31 March 2021

Webinar 2 – Operation of a food distribution center


Flavour aims to support a diverse group of mentors and coaches working in the food surplus sector in UK and Belgium. The first webinar was dedicated to food safety and handling. This 2nd webinar focused on the management and operation of a food distribution center in general. How can we create an effective work environment for people far from the labour market? 

Fareshare Sussex, an established Food distribution center in the Sussex region presented their operations. Emily (warehouse manager) shared her experience of running a busy warehouse, managing 50 to 120 volunteers. Food distribution entails lots of paperwork, food safety rules, practical rules. How do you make sure every volunteer knows and adheres to the rules and processes?

The key message – learning point – is to always allow enough induction time for a new volunteer and explain ‘WHY’ certain procedures and paperwork exist, in other words why things need to be monitored and recorded. An example could be a particular document that is a legal requirement and is used for auditing purposes. The other key learning point is the constant ‘REPETITION’ – reminders of ‘all the necessary legally binding procedures.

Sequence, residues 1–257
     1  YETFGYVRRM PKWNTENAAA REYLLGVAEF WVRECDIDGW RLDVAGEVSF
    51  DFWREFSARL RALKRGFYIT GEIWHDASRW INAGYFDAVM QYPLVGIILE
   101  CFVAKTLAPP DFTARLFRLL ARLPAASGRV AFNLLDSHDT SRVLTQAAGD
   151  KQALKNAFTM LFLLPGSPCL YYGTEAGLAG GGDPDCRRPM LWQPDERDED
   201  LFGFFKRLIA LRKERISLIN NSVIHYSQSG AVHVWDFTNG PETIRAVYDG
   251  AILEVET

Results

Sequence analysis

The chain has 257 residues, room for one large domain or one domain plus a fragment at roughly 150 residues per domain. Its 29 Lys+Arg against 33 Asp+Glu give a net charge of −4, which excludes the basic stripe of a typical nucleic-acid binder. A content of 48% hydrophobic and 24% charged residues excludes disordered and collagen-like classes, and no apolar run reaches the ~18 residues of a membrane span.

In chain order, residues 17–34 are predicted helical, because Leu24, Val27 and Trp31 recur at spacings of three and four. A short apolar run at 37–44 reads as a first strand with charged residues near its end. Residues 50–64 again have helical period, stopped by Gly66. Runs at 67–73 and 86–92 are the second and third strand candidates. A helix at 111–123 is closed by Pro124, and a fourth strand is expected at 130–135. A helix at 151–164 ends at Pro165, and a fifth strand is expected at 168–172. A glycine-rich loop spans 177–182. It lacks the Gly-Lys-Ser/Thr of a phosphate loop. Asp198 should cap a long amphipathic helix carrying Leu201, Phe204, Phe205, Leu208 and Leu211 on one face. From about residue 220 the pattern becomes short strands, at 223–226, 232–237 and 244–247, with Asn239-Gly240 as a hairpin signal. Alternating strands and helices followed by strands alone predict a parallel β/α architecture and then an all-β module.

“It is vital to explain why a certain process  is necessary and what is the implication of ‘not doing it’”

In the words of Emily ‘It is vital to explain why a certain process (paperwork or action) is necessary and what is the implication of ‘not doing it’. An example Emily provided: Proper temperature control is the single most important measure in preventing food poisoning and therefore must be strictly controlled. If the temperature of a fridge/freezer is not recorded – it means that the food must be thrown away. Explaining the ‘WHY’ helps volunteers to feel part of the bigger picture and comes with a sense of responsibility and accountability.

Esmee (Marjon Uni) built on Emily’s presentation and presented  different strategies to create supportive environment on the workfloor. One important element is giving effective feedback, using the BIFF model (Behaviour, impact, future, feeling). It’s an effective model that can be used for positive actions and also for those that require corrections (change). 

The Belgium project partners (Herw!n, VIVES Hogeschool and Vonst) delivered a comparable webinar to all the Dutch and Belgium partners, collaborators and other food (surplus) processing or distributing organisations.  Report in Dutch (here)

The webinars are part of the FLAVOUR project which aims to create socially innovative business models to increase the efficiency and effectiveness of services dealing with food surplus whilst creating jobs/pathways to employment. The webinars are to foster cross – border learning and engagement and create a platform for sharing knowledge and resources; with the aim of supporting mentors/coaches and organisations in their work with people far from the labour market in the food ‘surplus’ sector.